An Ohio representative introduced the latest version of legislation Tuesday to prevent Ohio schools, private colleges, and employers from mandating vaccination.
While the short title of the bill refers to COVID-19, the text of the legislation itself could include mandates for vaccinations against any disease.
It states employers who require employees to receive a vaccine utilizing “mRNA, DNA, or any other genetic vaccine technology” that has been approved by the U.S. Food and Drug Administration must allow employees to decline the vaccine “for any reason.”
Primary schools along with public and private colleges would need to do the same. The schools would be prohibited from expelling unvaccinated students under the bill; likewise, employers would be forbidden from firing unvaccinated employees.
The law makes no exceptions for hospitals, nursing homes, cancer centers, or other places where medically vulnerable people tend to gather. It would effectively terminate once the federal government ends its declared public health emergency due to the pandemic.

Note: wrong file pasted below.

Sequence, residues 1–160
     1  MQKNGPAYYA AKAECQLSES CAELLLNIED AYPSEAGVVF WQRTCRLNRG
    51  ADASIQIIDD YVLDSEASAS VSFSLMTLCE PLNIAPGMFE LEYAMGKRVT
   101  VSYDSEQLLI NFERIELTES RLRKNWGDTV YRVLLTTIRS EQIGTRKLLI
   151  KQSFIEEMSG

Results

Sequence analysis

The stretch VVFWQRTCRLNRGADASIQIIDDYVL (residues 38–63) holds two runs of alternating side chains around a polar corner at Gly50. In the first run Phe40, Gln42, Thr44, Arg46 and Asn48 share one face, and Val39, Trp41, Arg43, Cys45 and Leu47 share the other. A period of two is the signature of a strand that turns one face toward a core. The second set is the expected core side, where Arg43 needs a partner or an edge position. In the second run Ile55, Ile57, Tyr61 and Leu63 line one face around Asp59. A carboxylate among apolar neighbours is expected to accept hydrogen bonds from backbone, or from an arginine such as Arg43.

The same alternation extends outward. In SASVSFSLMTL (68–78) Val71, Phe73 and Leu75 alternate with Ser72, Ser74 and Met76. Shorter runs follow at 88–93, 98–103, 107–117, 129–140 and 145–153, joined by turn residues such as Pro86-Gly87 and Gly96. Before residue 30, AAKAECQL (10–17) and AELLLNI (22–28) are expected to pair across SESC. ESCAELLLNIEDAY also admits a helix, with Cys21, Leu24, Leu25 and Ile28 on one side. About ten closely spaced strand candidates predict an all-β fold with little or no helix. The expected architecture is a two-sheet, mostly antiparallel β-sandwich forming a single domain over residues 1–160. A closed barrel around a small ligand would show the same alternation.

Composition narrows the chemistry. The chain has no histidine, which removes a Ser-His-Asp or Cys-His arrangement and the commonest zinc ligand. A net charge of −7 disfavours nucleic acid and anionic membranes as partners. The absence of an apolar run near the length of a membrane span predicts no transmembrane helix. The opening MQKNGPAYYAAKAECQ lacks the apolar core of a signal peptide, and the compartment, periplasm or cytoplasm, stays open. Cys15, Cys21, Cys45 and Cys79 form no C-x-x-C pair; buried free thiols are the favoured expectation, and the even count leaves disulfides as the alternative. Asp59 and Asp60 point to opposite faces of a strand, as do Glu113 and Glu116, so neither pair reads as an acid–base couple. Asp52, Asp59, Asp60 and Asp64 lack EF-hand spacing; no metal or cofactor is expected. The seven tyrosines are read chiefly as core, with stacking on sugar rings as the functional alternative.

“We need to find a path forward and win a battle for freedom,” said Rep. Tracy Richardson, R-Marysville, the bill’s lone sponsor, in a statement.
The bill is unlikely to become law. Similar efforts have failed throughout 2021 in the House, despite receiving more legislative attention than any issue that’s not constitutionally required (the state budget and decennial redistricting). House Speaker Bob Cupp, R-Lima, said Tuesday he hasn’t reviewed the bill and didn’t know if it would receive any hearings.
This story was republished from the Ohio Capital Journal under a Creative Commons license.
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